The article examines public perceptions of capitation payment system and the implications for health-seeking behavior in rural and urban Ghana. Drawing on qualitative approach, the study employed focus groups (n = 20), in-depth (n = 20), and key informant (n = 14) interviews with community-based adult men and women, aged 18–65 years in Ashanti Region. Tape recorded interviews were transcribed and analyzed thematically. Results indicated that majority of respondents have heard about the capitation but only a small proportion of them understood what the whole policy entails and the rationale for its introduction. While general dissatisfaction with and negative perceptions of the capitation still persisted among majority of the study population, this did not translate into nonuse of health services. For subscribers to derive optimal benefits from the capitation, political commitment in continuing public education using the most accessible media modulation is key. More importantly, public and private healthcare providers should increase investments in improving healthcare delivery system. Future studies should employ quantitative approaches with region-wide sample in order to confirm the relationships between capitation enrollment and health-seeking behavior.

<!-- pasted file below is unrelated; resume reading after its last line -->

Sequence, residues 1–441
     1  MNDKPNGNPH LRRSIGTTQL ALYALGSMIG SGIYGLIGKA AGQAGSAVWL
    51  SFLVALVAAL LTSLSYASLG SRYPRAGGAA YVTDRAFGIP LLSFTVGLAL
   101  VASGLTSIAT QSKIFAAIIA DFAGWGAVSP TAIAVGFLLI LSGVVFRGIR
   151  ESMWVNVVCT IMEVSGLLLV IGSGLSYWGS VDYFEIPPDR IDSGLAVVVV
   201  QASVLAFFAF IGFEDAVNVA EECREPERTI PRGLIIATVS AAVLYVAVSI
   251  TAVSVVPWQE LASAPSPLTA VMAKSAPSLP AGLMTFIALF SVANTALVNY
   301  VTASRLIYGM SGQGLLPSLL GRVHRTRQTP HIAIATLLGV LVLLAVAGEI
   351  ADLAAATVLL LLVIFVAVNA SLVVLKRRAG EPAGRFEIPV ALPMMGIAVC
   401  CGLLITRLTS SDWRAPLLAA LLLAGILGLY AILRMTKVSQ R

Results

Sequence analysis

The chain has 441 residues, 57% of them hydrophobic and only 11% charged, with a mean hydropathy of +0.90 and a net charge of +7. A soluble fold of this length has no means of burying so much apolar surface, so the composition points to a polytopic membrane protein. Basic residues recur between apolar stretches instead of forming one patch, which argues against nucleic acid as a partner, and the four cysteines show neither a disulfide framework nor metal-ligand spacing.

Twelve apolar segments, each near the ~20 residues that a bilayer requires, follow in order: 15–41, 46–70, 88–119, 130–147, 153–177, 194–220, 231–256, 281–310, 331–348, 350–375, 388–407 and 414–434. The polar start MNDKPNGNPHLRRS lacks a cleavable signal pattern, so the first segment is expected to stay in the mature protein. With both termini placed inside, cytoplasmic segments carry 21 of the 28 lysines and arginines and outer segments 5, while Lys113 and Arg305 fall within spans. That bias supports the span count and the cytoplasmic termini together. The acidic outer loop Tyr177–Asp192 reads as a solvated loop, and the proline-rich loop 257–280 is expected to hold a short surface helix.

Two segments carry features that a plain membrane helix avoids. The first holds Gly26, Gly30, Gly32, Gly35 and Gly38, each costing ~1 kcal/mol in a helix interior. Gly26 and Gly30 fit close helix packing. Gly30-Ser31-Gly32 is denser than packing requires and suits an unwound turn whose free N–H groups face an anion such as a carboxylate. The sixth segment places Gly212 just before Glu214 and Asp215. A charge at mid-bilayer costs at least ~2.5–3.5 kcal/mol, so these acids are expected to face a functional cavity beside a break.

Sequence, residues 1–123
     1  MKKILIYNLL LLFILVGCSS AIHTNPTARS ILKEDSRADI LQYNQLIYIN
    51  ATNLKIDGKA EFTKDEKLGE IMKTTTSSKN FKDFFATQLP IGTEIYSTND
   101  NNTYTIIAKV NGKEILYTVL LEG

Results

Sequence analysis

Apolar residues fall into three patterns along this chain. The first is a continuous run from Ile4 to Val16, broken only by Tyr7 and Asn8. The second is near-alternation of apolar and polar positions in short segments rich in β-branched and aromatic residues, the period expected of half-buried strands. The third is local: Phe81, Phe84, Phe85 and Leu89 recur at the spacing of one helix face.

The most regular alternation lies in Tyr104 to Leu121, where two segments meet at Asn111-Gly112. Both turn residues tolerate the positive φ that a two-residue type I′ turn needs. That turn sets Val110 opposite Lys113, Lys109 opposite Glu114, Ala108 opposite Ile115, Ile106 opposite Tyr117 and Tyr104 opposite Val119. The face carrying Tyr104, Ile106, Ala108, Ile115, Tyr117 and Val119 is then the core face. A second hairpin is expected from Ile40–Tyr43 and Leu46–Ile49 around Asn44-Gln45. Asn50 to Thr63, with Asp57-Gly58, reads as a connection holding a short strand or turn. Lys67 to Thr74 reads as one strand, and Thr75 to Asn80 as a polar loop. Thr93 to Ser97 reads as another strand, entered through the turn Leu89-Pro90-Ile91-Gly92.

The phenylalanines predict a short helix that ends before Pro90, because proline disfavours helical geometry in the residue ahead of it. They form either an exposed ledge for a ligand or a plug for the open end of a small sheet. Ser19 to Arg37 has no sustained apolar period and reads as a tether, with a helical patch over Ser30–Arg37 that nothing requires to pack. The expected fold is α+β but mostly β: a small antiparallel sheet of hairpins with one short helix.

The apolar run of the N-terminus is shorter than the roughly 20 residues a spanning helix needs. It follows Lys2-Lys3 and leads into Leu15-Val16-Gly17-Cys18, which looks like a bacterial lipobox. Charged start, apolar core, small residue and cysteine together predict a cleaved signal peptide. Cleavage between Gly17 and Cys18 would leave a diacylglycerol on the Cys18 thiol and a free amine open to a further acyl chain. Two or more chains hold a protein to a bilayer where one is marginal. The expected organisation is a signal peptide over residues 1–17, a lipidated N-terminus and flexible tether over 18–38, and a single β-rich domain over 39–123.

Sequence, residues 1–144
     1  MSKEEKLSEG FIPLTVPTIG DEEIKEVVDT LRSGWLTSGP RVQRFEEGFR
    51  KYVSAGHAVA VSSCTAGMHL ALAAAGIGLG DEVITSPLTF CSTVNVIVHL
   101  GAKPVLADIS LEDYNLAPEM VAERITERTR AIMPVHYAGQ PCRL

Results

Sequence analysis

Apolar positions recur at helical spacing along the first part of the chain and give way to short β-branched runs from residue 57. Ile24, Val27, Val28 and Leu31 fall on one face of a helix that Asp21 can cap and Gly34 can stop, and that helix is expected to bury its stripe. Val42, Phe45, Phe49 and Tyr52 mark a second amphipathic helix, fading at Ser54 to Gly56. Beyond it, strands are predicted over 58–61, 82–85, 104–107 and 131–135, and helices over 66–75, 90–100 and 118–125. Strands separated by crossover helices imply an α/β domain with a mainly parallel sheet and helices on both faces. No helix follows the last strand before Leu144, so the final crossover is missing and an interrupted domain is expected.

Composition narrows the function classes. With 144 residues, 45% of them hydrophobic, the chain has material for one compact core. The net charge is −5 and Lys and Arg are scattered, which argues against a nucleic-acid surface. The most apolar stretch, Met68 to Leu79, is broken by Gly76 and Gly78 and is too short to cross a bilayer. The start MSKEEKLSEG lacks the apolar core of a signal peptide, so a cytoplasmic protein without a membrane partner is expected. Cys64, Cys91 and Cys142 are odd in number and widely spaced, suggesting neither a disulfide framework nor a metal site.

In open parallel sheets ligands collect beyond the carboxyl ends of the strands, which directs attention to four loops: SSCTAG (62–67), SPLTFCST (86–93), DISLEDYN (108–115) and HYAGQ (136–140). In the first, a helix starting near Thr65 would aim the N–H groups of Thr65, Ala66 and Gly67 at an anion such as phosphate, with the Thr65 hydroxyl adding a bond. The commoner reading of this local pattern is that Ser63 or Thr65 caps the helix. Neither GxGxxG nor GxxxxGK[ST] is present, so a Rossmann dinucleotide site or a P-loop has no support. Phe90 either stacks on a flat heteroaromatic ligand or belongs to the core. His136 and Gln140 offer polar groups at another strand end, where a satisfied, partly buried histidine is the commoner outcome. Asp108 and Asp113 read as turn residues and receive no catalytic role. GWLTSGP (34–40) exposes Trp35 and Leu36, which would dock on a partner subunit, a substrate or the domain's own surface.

- Capitation payment system
- health-seeking behavior
- National Health Insurance Scheme
- public perceptions
- Universal Health Coverage